I try and get involved with as many tools as I can so I can see which ones I like and which ones to avoid. Since I can't afford to purchase every tool, not do I have the room, I use every opportunity to check out new tools.
In this video I get to help a friend of mine, Bob, assemble his new Kreg router table. Since I have never had the opportunity to really look at this unit, helping to put it together is a perfect way to see the working details.

When I first saw the box, I wondered how they could pack everything into such a small box, but everything was there, right down to every nut and bolt. If you have never assembled one of these before, you really do need to read the instructions. There are a lot of different pieces and a lot holes where things could get installed but shouldn't be. As usual, laying out all the parts before you get started, assuming you have the room is always best.

Putting the legs and braces together is always first and I liked how supplied nuts and bolts that really locked the frame solidly as you were assembling it.
Once the legs are assembled the next thing is to attache the top ...

and Bob and I almost got carried away on the assemble without stopping to film what we were doing because it was all coming together so nicely. In assembling router tables, there is always one thing to watch out for and that is that you don't try to install the base directly to the top where the feather-board slot is located. If you do this, the screws coming through from the underside can actually push the aluminum slot right out of it's dado slot (which is not a big deal, it just means you have to re-glue it back in place ... more work for nothing).

The next thing that Bob and I did was to prepare the router plate insert for his router. What this means is that the plate needs to be marked and drilled with holes so that the router can be attached. Sadly, there are NO standards for router bases, which means pretty much every router or brand of router has different hole configurations.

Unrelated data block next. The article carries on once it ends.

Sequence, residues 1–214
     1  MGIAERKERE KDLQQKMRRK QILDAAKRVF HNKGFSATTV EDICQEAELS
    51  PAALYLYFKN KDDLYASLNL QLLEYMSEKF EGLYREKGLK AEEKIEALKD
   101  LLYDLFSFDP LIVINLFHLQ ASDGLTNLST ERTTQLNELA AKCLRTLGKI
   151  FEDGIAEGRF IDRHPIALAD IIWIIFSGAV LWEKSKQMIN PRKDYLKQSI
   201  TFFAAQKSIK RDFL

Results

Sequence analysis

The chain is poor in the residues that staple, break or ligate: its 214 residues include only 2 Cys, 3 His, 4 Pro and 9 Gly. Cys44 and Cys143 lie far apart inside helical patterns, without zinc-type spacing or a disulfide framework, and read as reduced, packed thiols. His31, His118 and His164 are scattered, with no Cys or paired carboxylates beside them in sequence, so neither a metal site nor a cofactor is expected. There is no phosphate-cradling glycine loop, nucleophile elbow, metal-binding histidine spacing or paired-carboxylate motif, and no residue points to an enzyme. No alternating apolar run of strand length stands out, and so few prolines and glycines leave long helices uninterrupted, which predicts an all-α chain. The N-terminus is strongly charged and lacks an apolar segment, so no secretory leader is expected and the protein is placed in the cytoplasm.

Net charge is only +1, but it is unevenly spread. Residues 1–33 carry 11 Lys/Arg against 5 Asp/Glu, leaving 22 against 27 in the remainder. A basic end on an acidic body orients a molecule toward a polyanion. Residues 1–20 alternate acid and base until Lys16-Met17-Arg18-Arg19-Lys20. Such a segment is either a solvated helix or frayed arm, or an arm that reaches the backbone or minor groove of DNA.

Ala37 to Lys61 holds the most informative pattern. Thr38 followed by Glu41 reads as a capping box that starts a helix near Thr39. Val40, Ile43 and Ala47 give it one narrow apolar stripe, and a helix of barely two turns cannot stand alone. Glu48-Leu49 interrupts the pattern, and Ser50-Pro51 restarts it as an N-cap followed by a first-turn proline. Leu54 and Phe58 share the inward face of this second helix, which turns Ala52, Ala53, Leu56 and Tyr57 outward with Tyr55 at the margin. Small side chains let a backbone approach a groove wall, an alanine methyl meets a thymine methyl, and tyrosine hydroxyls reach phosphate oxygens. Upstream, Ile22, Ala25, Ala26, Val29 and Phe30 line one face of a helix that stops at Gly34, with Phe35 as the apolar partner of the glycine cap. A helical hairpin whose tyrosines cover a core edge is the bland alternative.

Of course the router needs to be attached to the bottom of the plate, so we flipped the insert over, and what do we see but target lines on the underside to help us properly align the router holes.

TIP - most routers come with a plastic base cover that is attached to the aluminum base of the router by 3 or 4 bolts. If you remove this plastic plate, you can then use it as a template for figuring out where your holes need to go. BE SURE you orient the router base correctly onto of the insert, remember, the router is upside down in the router table.

Once we marked the holes, Bob drilled them out using the drill press. Even if one hole is a tiny bit off, when you countersink all of the holes from the top of the insert plate, the router should align just fine ... but be as accurate as possible. TAKE YOUR TIME and make it right.

The next step for us was to install the insert in the router table top, and Kreg has developed a great way of securing the insert by bolting it from the top as you can see from the picture below, and by also using alignment bolts from the bottom so the insert can be positioned perfectly in the router table top. A very elegant solution.

Once the insert is in place, the final step is to assemble and install the routers fence. Once again I felt that the fence was of good quality. I like that the back of the fence is one solid piece of aluminum that will go a long way to making setups quick, easy and accurate. Here is a view from the back and you can see the dust port as well.

You will note the little black TABS on the back of the fence and the base of the table. These are the securing tabs (but I'm sure that is not what they are called) despite the fact that they are plastic, they looked quite sturdy and effective for what is needed here.

And here is what the table looks like all assembled from the front. You will note int he picture that one of the reducing rings is installed, and that there appears top be a gray plastic thing around it as well. That is the installation tool for installing the reducer rings. A great idea from the old friction fit methods.

All of the pictures shown are direct images displayed through the Kreg site, they are not our images, and in case anyone wants to know we have no affiliation with Kreg or their agents, we just happen to like their stuff.

We thought this was a great little table for the price, which I believe was around the $225.00 price range.
It was sturdy, well built and easy to put together. If you have any questions on the table you are best to contact a Kreg dealer directly, or Kreg Tools.

Copyright - Colin Knecht